NCLT on noting the objection regarding the proposed ‘Interim Resolution Professional’ — Shailesh Verma directed the Financial Creditor to perform it’s statutorily mandatory obligation by substituting the name of the ‘Resolution Professional’ to act as an ‘Interim Resolution Professional’ in place of Shailesh Verma as it was of the view that Shailesh Verma having worked with the State Bank of India for 39 years before his retirement in 2016, there was an apprehension of bias and was unlikely to act fairly and could not be expected to act as an Independent Umpire.

No disqualification

Aggrieved with the above position, Financial Creditor preferred the instant appeal on the ground that the proposed ‘Interim Resolution Professional’ Shailesh Verma fulfils the requirement for appointment as ‘Interim Resolution Professional’/ ‘Resolution Professional’ under the ‘I&B Code’ and admittedly bears no disqualification.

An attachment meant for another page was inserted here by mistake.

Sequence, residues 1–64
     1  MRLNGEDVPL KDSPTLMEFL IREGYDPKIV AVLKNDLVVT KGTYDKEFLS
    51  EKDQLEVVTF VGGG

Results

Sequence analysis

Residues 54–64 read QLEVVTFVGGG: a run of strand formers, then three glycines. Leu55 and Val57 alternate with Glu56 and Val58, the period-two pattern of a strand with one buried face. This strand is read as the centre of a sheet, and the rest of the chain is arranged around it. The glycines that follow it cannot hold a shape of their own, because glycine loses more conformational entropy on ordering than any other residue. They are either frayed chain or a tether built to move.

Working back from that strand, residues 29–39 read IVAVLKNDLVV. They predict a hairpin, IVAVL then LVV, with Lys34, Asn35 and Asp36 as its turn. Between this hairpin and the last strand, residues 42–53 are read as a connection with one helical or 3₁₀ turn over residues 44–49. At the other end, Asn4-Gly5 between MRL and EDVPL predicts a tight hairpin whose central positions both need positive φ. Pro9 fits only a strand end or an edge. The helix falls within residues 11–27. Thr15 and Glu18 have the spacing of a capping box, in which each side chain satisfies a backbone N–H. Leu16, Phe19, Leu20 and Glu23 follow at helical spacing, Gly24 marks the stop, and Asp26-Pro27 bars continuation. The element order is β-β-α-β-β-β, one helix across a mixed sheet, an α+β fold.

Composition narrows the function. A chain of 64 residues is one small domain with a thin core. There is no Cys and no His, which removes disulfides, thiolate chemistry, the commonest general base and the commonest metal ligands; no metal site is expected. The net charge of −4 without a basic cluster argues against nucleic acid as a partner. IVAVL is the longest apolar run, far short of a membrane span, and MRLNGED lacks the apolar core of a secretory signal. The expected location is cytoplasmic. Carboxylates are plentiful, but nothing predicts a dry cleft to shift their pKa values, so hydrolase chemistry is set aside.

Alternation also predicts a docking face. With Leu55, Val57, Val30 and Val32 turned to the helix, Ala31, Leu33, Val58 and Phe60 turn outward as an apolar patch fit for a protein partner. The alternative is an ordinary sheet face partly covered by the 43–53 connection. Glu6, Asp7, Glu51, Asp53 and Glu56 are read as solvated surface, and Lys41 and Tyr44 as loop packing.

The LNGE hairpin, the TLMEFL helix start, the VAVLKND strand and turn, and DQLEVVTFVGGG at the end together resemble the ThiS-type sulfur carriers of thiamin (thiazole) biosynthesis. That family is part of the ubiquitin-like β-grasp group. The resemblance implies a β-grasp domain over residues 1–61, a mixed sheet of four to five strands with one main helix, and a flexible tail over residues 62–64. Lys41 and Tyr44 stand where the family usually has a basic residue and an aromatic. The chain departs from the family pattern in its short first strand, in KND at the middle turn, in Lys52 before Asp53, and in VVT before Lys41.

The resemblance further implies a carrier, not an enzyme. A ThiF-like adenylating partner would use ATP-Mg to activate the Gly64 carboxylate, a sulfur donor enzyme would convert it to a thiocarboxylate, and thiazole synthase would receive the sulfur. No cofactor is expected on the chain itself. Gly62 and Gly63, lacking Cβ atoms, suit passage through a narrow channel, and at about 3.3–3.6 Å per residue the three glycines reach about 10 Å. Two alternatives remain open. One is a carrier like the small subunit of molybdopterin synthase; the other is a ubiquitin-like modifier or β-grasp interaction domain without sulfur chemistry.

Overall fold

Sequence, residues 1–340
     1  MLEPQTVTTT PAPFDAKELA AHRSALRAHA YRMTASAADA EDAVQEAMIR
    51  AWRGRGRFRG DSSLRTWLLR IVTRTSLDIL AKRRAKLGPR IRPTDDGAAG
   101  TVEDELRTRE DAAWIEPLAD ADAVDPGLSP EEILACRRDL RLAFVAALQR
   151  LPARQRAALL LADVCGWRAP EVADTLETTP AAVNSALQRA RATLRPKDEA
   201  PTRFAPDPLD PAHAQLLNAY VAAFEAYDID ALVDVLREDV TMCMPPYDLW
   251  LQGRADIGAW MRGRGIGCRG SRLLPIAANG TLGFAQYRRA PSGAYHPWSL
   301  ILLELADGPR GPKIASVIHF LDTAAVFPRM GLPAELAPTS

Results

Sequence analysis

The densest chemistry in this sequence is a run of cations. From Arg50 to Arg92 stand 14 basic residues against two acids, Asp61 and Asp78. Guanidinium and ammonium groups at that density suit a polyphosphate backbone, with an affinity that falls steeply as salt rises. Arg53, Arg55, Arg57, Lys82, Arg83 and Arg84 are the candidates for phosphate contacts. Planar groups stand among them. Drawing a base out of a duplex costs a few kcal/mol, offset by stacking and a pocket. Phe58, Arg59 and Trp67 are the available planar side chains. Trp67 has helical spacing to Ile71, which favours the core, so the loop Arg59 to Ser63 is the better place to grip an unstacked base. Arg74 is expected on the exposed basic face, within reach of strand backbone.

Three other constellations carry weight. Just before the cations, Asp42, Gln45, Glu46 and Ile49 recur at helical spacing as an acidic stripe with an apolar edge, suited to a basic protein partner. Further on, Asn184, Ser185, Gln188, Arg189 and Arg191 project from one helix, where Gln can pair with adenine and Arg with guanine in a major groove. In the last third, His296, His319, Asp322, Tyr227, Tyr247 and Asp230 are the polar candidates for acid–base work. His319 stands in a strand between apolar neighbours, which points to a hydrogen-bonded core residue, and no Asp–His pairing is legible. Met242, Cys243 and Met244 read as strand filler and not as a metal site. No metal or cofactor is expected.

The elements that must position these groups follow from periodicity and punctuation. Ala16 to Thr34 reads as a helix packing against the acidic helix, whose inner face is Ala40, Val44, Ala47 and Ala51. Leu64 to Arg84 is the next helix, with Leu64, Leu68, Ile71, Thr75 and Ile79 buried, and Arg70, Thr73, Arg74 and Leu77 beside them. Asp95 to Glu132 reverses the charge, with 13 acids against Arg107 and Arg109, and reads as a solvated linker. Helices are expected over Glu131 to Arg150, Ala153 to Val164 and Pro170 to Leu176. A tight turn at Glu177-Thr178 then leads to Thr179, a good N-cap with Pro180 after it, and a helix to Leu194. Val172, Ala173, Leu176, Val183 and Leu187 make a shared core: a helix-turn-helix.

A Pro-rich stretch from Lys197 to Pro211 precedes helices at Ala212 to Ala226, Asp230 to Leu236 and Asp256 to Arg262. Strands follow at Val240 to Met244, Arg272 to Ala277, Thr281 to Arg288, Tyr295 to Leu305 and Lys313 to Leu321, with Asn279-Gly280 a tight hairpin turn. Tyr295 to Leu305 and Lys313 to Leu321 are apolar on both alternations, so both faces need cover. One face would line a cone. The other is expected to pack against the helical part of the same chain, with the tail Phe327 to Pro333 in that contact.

Question for Consideration

Whether an ex-employee of the ‘Financial Creditor’ having rendered services in the past, should not be permitted to act as ‘Interim Resolution Professional’ at the instance of such ‘Financial Creditor’, regard being had to the nature of duties to be performed by the ‘Interim Resolution Professional’ and the ‘Resolution Professional’?

Analysis 

Regulation 3(1) of the Insolvency and Bankruptcy Board of India (Insolvency Resolution Process for Corporate Persons) Regulations, 2016 provides that an Insolvency Professional shall be eligible for appointment as a ‘Resolution Professional’ for the ‘Corporate Insolvency Resolution Process’ of a ‘Corporate Debtor’ if he or his partners and directors of the Insolvency Professional Entity are independent of the ‘Corporate Debtor’.